Walking through the forest you’ll usually pass a small, picturesque lake (sometimes it disappears in dry season) and a wide variety of birds. It is a common migratory stop for birds travelling between Europe and Africa. Just like it is for tourists, incidentally.
One of the main factors in the rising popularity of Vai Beach was a Bounty chocolate bar commercial filming there in the early 1970’s. Bounty bars contain coconuts so they figured this fantastic palm forest would be the perfect place to film coconuts falling from the trees.
One problem, though, Cretan palms produce dates, not coconuts. So they came across the world to find the perfect palm grove, then still had to artificially hang coconuts from the trees. Nonetheless, the ad was a huge hit and led to a massive tourist boom at Vai Beach for the next decade.
Things to Do Near Vai Beach
Walk to Psili Ammos Beach
Sensational Psili Ammos is just a 5-minute walk over a small hill south from Vai Beach. Its name means “fine sand”, which is exactly what you will find there, along with clear turquoise water and, usually, far fewer people than at its more famous counterpart.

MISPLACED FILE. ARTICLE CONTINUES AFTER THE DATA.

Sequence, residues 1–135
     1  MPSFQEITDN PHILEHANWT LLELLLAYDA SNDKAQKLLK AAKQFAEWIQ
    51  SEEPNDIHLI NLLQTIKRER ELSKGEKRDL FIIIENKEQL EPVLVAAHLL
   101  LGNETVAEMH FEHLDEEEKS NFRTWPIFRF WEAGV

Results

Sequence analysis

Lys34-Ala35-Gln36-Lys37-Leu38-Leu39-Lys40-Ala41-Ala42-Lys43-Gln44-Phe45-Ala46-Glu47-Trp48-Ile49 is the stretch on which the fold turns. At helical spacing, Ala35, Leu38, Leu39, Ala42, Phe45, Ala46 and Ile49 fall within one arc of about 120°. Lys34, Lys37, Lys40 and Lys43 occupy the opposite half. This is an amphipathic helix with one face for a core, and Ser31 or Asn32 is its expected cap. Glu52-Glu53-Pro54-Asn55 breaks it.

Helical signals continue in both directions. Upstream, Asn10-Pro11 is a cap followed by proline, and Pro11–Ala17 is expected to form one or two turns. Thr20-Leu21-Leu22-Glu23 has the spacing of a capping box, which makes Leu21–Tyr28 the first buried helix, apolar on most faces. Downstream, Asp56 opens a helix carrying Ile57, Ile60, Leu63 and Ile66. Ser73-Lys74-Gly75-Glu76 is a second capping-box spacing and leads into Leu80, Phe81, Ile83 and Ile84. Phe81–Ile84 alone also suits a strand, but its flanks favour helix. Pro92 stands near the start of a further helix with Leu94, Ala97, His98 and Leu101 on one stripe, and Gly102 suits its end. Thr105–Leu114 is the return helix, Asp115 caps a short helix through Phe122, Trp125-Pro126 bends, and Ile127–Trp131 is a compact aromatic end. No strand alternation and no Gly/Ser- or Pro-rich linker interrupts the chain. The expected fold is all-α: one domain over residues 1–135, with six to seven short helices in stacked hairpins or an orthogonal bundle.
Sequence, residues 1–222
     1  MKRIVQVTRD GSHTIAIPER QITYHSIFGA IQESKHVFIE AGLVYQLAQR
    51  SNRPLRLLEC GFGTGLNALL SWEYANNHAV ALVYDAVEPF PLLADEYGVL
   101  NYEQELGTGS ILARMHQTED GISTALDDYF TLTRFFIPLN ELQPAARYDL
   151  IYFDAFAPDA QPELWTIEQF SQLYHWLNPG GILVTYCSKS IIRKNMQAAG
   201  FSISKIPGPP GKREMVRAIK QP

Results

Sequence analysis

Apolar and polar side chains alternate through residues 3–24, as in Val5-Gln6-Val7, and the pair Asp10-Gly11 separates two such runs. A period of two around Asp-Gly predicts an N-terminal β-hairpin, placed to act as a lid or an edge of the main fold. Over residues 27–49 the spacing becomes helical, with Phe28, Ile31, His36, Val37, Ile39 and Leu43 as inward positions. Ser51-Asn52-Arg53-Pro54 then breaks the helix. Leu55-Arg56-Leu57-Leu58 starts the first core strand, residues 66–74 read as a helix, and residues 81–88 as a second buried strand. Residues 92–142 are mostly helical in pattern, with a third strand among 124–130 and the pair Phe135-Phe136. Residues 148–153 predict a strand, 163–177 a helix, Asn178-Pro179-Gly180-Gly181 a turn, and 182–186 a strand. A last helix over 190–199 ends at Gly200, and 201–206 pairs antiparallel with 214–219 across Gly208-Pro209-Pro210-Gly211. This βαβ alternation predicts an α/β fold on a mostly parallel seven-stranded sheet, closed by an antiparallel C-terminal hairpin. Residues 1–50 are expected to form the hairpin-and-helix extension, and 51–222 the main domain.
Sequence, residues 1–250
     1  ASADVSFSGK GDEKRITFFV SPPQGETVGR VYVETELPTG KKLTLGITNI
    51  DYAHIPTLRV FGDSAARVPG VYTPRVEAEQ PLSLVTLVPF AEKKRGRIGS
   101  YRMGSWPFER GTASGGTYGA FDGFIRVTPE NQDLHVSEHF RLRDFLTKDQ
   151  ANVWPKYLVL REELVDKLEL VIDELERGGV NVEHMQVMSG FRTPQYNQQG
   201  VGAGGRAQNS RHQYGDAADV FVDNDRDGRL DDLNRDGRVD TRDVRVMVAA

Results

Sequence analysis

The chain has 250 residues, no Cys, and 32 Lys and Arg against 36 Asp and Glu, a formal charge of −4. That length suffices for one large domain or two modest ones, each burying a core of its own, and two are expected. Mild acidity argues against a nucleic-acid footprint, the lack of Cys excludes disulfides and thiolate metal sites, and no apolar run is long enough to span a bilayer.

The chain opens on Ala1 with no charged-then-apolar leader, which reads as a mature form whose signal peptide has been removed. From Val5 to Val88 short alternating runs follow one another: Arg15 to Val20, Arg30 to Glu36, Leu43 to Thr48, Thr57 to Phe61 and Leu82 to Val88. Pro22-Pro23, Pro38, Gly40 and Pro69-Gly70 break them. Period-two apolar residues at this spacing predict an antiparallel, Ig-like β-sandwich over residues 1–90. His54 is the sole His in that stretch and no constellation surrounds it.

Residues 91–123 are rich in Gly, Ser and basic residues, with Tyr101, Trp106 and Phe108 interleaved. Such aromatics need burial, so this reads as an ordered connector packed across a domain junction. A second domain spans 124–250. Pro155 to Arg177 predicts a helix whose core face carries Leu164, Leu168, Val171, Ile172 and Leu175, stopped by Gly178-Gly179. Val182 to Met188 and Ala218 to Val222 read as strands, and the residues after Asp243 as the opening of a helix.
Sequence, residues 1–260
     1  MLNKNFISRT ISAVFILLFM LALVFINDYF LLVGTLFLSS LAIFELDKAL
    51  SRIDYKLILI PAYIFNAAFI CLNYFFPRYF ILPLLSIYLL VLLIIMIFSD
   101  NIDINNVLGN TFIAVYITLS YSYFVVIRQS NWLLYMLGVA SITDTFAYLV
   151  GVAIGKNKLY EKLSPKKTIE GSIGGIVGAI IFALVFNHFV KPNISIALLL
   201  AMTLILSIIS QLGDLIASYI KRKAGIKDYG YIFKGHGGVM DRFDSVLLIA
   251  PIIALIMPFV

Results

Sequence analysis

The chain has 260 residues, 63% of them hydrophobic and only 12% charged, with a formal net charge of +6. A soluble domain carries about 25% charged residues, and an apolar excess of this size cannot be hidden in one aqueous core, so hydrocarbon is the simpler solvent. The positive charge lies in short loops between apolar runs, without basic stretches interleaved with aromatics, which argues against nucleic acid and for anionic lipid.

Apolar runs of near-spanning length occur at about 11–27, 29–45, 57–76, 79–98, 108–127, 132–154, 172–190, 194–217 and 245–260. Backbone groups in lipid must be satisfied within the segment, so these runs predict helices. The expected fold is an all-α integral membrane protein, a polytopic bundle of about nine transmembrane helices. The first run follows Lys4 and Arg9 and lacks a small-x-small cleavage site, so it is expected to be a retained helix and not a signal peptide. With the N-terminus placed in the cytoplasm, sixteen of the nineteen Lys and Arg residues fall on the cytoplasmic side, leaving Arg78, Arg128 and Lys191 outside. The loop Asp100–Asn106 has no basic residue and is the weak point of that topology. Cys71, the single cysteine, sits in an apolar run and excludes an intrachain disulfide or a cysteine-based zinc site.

It is a good place to go for a bit of solitude, with usually just a few seabirds and the occasional nudist for company. There are no facilities, trees or shade so bring your own supplies and umbrella.
Wander the Ancient Itanos Ruins
There are a few small, remote beaches along the coast north of Vai Beach as well as the impressive ancient ruins of Itanos. Surrounded by a set of 3 tiny bays, the remains of this ancient city offer a fascinating look into Greek history.
In its day, Itanos was an important commercial centre and one of the most modern and dominant cities of ancient Crete. It even had its own coin and was famous for the purple Tyrian dye produced on Koufonisi Island.